Do you know what duck people look like? / You can notice us because we wear dark hoods.” Who are these people? “Don’t tell us we look like ducks, that’s a stereotype.” A measured insanity pervades the minds of Devendra Banhart and Greg Rogove in Megapuss’s first venture onto the musical scene, “Surfing.” Weird is the only way to describe an album that is so self-consciously off the beaten track that hummus vies with sodomy for center stage in this variety show of peculiarities.
This show seems at times almost dangerously derailed. Indeed, Megapuss cannot really decide whether to take itself seriously or simply become another outlet for Banhart’s off-kilter sense of humor — after all, the band became famous when Banhart wore a “Penis Skirt” at their first show in Los Angeles.
However, despite the jokes, the album really has something that makes you want to listen to it over and over again. An era-ending tone of depression collaborates with the sound of a fresh band to produce something that transcends mere eccentricity. Songs like “Lavender Blimp” and “Another Mother” are more Indian hymns of celebration than the products of urban California. Dreams of flying mingle with sheer beauty; “We all want to come from the sun” when this album is on. The sounds manage to be earthy and simple while retaining their contemporary aesthetic.
Relaxed, lulling one to sleep, Megapuss urges us to “[cross] the threshold / Of our old lives,” into something between an acid trip and a religious experience, with songs like “Older Lives” where sitar sounds and bass strumming swirl into “The song we sing when we become the song / When we become, / We belong.”
The general feeling of the “Weird America” sound that Banhart has pioneered is folk-oriented, but external influences have played their part in making this an undulatory experience. “A Gun on His Hip and a Rose on His Chest” is more punk-rock inspired than the rest of the album. Although gimmicky, lines like “Fuck the government, / In the asshole” and “Fuck Enron, / In the asshole” maintain the sense of fun that the two artists have had with the album as a whole. We are forced to laugh at this nod towards anti-establishmentarianism which comes after the calmness of “Surfing.”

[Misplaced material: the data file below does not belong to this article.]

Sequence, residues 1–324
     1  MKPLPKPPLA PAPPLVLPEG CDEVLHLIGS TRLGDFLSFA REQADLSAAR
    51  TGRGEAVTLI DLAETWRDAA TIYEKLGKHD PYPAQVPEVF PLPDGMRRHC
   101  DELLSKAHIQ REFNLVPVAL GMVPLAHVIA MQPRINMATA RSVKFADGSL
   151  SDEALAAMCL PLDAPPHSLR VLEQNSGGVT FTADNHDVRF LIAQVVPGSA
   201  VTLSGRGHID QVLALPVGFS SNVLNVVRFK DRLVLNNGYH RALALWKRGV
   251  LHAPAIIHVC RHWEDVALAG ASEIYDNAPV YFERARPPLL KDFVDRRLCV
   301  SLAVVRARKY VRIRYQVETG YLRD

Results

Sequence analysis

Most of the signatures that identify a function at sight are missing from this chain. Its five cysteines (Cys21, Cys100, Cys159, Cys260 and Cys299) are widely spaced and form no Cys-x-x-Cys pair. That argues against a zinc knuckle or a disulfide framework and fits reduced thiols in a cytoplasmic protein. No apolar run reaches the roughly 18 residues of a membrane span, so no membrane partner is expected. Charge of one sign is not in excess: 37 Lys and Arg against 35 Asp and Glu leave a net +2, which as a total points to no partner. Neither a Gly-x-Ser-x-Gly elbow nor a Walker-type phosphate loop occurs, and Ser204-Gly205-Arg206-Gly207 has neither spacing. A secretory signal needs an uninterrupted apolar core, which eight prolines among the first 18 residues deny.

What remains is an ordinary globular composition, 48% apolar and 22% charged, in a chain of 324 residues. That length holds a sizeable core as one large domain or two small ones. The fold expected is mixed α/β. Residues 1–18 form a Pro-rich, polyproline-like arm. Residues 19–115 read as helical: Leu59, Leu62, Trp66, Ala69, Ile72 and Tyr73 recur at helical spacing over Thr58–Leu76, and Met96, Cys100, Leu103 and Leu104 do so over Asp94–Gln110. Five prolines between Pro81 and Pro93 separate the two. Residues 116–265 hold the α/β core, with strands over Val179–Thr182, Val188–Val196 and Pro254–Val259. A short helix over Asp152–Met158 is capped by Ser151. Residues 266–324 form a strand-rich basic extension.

The swells of this title track are deeply relaxing. From a Moby-esque emptiness, the song proceeds over the liquid relics of ocean days and half-remembered dreams into a reverie of crackling harmony and back again. “Surfing over the waves” becomes “More beautiful than [we] have ever imagined.”
“Chicken Titz” has teenagers slow-dancing their way out of high school, heads on each others’ shoulders; the song speaks doo-wop and musty floorboards. “Take me away to the land of tomorrow,” turning gently on the record player under memory’s yellowing light. Banhart’s voice echoes softly along the calmness of the chords. “C for your charms, a K for your king, an E for your everything”: one is pushed into quiet celebration of someone we never knew, “so long ago.”
Rockier, “Crop Circle Jerk ’94” is the most instantly pleasing beat on the album. “All my lovin’ and all my lovin’” is obscured by sunny guitars and warm notes interspersed along a staccato drumbeat. This is the sound of a country road in the middle of summer.
“Surfing” is at once calm and enjoyable, a joyfully constructed album. There is something inscrutable, even mysterious about its back-to-roots connection with spirituality, love and the environment. We’ve heard this type of music before, but have we been told “There’s a heaven for everybody, / There’s a heaven for everyone” and at the same time, “hummus with white bread and basil, it’s delicious”?